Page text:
Australia's agriculture production is set to rebound as the strongest El Nino in nearly 20 years that wilted crops and triggered bush fires subsides, the country's chief commodity forecaster said on Tuesday.
Production of staples such as wheat, cotton and milk are all set to rise during the 2016/17 season, according to the Australian Bureau of Agriculture, Resource Economics and Rural Sciences (ABARES), although beef output in the world's third-largest exporter is set to fall due to low supplies.
Australian farmers are expected to sow a near record amount of wheat in the next few months, the bureau said, with global production set to remain at high levels despite benchmark prices falling to a more than 5-1/2 year low last week.
Increased plantings and an expected improvement in seasonal conditions are forecast to produce a crop of 24.5 million tonnes, which would be a three-year high. Australia, the world's fourth-largest wheat exporter, produced 24.2 million tonnes in 2015/16.
"Farmers in Australia have been insulated by the fall in [Australian] dollar, while the depreciation of South American currencies will also incentivize farmers to boost production," said Phin Ziebell, agribusiness economist, National Australia Bank.
Elsewhere, Australian canola production is set to rise 11 percent to 3.27 million tonnes in the 2016/17 season, ABARES said.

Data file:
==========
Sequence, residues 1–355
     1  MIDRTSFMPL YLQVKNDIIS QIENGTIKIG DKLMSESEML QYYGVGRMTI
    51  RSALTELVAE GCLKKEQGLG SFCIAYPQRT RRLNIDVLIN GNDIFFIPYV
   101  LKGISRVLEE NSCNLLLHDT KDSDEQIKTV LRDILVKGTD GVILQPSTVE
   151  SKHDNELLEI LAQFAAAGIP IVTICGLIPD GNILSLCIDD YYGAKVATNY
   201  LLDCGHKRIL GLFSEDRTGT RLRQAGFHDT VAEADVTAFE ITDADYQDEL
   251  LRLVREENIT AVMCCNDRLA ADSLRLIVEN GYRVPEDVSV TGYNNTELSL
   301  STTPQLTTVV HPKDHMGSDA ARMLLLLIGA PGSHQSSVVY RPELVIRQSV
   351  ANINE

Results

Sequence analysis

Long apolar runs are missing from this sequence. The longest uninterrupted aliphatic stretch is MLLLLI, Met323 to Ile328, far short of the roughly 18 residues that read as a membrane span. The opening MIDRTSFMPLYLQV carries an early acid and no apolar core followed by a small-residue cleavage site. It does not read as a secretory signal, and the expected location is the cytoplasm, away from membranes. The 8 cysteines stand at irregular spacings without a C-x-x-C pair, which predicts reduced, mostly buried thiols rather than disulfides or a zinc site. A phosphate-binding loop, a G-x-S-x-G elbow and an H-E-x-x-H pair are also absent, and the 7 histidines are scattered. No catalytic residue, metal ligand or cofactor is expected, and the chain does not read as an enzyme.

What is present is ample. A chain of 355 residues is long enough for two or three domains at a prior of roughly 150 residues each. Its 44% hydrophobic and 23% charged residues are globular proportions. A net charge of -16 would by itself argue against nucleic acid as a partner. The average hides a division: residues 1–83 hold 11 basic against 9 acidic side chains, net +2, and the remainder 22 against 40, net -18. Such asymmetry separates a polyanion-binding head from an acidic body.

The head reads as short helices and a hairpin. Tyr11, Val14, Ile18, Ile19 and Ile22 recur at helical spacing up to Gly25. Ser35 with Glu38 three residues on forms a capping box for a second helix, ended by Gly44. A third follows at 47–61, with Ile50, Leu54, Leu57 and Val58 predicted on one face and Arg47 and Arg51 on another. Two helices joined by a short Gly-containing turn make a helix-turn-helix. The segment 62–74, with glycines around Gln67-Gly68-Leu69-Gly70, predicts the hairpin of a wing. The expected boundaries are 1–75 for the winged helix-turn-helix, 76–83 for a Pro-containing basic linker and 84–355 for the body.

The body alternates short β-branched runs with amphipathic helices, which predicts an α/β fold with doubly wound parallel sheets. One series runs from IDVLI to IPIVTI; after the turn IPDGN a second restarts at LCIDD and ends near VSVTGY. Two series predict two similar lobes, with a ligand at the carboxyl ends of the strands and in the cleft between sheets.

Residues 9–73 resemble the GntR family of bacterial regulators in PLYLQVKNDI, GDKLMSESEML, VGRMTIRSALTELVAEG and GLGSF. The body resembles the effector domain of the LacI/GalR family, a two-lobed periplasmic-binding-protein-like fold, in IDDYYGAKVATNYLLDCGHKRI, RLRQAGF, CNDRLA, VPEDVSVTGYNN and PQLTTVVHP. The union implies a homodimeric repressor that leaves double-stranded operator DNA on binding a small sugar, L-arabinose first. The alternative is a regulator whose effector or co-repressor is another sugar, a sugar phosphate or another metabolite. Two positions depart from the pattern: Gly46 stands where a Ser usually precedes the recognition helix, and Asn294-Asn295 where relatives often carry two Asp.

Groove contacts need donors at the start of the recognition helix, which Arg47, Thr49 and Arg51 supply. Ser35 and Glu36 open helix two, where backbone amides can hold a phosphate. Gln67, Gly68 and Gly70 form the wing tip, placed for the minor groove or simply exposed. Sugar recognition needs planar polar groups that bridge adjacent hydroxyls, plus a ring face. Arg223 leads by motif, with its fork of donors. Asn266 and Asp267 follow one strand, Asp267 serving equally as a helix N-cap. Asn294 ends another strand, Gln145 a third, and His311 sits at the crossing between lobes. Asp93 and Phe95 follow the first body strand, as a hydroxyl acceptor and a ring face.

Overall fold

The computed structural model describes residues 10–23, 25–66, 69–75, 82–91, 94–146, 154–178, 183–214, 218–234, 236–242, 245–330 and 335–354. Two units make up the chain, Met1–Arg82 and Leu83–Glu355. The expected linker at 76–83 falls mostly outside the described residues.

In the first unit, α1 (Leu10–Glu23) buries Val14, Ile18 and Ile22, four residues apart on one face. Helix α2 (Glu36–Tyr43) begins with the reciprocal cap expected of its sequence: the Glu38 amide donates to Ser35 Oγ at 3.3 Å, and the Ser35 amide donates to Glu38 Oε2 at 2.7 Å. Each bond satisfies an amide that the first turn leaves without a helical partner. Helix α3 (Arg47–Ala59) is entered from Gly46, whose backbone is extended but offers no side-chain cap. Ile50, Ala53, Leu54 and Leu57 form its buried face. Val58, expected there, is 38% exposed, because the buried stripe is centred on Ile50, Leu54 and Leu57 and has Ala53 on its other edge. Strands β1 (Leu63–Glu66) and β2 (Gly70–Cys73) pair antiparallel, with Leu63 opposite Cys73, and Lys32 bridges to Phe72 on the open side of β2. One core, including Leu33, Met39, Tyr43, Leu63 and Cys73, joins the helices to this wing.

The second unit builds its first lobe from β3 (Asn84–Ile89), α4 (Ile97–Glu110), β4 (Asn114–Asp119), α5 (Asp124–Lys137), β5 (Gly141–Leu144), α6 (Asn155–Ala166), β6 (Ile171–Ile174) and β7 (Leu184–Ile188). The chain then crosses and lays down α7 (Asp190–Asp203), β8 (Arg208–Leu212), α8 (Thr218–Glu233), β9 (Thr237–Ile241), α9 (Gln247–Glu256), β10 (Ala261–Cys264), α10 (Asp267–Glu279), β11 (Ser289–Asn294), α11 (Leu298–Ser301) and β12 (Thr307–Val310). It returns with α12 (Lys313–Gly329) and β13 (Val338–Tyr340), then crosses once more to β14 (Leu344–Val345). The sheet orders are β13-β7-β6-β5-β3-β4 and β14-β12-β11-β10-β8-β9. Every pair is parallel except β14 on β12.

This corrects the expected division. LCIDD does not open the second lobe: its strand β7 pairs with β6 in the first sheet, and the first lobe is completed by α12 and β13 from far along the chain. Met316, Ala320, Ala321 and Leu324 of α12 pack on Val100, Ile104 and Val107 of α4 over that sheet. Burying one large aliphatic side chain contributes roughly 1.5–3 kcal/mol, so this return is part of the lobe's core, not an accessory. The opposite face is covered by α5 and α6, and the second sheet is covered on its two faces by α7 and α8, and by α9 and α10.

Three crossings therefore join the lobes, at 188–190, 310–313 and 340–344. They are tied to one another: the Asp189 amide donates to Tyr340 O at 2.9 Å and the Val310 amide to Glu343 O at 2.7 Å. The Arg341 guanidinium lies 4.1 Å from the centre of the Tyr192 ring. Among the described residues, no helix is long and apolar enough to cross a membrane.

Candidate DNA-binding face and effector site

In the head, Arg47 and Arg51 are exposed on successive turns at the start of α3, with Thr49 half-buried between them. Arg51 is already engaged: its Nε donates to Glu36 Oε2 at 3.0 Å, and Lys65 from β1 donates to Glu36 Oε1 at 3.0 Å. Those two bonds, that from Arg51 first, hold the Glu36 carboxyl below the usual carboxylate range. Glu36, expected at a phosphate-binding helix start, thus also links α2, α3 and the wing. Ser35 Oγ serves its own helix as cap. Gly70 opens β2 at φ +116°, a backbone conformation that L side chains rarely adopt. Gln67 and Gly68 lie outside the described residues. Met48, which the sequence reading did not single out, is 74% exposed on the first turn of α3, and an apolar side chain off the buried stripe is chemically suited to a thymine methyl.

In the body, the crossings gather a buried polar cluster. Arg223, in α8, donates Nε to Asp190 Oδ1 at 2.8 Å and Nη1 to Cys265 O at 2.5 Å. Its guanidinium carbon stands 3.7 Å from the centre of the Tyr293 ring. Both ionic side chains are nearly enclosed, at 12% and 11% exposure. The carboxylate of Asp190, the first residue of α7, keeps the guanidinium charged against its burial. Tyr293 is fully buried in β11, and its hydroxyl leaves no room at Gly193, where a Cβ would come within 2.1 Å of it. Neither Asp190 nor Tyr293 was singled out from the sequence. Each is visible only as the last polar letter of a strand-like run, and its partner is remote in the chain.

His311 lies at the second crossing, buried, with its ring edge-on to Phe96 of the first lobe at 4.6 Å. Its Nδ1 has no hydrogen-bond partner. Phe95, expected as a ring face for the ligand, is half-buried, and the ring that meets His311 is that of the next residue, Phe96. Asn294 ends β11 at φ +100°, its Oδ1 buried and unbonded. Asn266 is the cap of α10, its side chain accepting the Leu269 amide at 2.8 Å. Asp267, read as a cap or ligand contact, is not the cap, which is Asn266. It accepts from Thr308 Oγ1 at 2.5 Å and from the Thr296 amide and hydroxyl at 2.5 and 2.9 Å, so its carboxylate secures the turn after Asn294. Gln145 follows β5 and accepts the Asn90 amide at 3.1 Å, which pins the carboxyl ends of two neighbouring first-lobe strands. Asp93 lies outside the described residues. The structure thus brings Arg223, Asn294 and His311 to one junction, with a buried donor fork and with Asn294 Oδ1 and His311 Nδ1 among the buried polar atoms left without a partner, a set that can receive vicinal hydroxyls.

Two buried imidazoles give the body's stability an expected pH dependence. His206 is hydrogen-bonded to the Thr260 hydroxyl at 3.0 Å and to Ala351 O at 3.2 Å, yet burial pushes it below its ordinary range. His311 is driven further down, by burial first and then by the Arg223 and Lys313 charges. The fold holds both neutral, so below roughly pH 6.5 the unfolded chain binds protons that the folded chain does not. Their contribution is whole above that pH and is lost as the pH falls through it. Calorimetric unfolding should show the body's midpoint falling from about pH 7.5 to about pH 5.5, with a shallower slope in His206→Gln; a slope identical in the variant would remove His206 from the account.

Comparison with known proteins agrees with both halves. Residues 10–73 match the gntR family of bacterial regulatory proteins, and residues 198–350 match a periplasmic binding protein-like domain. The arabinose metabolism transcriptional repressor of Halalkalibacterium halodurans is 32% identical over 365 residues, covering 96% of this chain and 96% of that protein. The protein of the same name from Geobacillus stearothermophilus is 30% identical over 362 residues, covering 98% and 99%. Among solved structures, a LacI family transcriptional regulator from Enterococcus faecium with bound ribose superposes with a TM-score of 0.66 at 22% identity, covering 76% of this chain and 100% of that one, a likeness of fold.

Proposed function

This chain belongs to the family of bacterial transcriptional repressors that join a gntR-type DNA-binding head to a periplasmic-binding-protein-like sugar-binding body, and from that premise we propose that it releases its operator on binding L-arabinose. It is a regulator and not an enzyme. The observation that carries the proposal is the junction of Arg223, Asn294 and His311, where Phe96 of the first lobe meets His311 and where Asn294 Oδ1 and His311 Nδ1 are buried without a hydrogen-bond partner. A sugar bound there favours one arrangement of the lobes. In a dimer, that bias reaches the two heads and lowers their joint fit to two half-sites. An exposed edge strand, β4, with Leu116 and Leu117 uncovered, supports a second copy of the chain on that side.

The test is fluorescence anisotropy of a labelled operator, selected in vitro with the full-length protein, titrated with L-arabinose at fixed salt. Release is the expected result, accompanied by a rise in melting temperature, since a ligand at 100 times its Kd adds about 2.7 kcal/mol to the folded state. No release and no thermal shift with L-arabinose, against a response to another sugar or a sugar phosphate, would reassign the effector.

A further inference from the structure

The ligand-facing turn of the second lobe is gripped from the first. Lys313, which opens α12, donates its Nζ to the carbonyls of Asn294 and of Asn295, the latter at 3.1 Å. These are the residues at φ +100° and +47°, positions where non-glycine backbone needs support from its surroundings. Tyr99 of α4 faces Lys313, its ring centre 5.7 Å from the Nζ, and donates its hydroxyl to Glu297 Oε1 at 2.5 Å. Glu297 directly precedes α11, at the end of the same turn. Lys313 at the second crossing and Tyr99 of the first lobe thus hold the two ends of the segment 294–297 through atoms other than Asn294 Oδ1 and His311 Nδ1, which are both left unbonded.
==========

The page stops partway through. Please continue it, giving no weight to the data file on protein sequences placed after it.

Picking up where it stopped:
The increased production will meet firmer European demand, the bureau said, which comes as China pushes for tougher standards on canola imports from Australia that could curb shipments to that country.
Australian cotton production is set to rise 50 percent, it said. Production will hit 816,000 tonnes in 2016/17, up from 546,000 tonnes a year earlier when drought deprived farmers of much needed irrigation.
Sugar production is also set to benefit from the improved weather. ABARES pegged output in the world's third largest raw sugar exporter at 5.08 million tonnes in 2016/17, up 6 percent.
Milk production will rise to 9.82 million litres, ABARES said, up from 9.6 million litres in 2015/16.
However, Australian beef production is set to fall to a three-year low as farmers rebuild their stocks after the size of national herd fell to at least a two-decade low.
Output surged in the last two years as farmers sent stock for slaughter after drought wilted pasture and dried out dams.
ABARES put beef exports at 2.16 million tonnes in 2015/16, down 10 percent from the previous year.